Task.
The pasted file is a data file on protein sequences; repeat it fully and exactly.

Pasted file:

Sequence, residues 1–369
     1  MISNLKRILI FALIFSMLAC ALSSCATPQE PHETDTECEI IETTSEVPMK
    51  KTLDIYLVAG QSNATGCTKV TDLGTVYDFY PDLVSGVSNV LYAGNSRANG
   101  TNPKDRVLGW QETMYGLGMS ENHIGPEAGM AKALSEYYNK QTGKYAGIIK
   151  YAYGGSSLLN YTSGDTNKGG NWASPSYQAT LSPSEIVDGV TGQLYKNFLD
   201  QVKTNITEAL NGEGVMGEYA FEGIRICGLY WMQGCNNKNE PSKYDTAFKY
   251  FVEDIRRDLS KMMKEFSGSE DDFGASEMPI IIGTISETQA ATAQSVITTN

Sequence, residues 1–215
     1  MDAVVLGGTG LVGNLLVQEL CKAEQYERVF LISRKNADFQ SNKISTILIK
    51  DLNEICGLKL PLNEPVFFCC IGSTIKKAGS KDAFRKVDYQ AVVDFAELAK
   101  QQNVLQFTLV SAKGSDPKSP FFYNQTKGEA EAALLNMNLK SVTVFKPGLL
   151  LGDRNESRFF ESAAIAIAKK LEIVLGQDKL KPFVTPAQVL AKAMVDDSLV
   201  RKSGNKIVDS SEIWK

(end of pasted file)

Sequence, residues 1–369
     1  MISNLKRILI FALIFSMLAC ALSSCATPQE PHETDTECEI IETTSEVPMK
    51  KTLDIYLVAG QSNATGCTKV TDLGTVYDFY PDLVSGVSNV LYAGNSRANG
   101  TNPKDRVLGW QETMYGLGMS ENHIGPEAGM AKALSEYYNK QTGKYAGIIK
   151  YAYGGSSLLN YTSGDTNKGG NWASPSYQAT LSPSEIVDGV TGQLYKNFLD
   201  QVKTNITEAL NGEGVMGEYA FEGIRICGLY WMQGCNNKNE PSKYDTAFKY
   251  FVEDIRRDLS KMMKEFSGSE DDFGASEMPI IIGTISETQA ATAQSVITTN

Sequence, residues 1–215
     1  MDAVVLGGTG LVGNLLVQEL CKAEQYERVF LISRKNADFQ SNKISTILIK
    51  DLNEICGLKL PLNEPVFFCC IGSTIKKAGS KDAFRKVDYQ AVVDFAELAK
   101  QQNVLQFTLV SAKGSDPKSP FFYNQTKGEA EAALLNMNLK SVTVFKPGLL
   151  LGDRNESRFF ESAAIAIAKK LEIVLGQDKL KPFVTPAQVL AKAMVDDSLV
   201  RKSGNKIVDS SEIWK